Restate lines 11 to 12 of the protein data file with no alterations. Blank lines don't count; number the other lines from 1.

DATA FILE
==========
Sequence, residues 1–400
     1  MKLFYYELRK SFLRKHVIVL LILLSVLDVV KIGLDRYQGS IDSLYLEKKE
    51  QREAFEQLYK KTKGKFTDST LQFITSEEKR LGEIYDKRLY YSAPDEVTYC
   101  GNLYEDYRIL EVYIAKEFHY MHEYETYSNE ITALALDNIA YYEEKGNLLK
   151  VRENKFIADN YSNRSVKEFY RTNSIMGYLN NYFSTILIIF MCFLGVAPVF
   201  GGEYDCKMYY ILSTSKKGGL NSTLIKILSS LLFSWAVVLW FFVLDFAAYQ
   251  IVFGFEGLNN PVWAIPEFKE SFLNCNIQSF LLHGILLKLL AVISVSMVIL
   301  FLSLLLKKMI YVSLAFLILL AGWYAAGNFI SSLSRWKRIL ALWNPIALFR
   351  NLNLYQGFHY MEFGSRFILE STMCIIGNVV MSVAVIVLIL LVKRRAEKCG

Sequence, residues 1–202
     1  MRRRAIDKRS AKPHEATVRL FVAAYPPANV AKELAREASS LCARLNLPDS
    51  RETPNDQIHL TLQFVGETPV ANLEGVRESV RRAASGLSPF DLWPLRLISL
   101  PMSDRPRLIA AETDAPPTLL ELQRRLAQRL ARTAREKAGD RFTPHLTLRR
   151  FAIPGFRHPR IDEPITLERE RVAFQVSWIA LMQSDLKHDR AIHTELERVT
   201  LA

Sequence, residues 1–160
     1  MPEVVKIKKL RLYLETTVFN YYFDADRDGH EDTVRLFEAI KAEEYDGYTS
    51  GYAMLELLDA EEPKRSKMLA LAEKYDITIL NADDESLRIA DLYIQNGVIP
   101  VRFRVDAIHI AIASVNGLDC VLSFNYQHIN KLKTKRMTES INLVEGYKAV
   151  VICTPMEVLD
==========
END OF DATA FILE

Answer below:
     1  MRRRAIDKRS AKPHEATVRL FVAAYPPANV AKELAREASS LCARLNLPDS
    51  RETPNDQIHL TLQFVGETPV ANLEGVRESV RRAASGLSPF DLWPLRLISL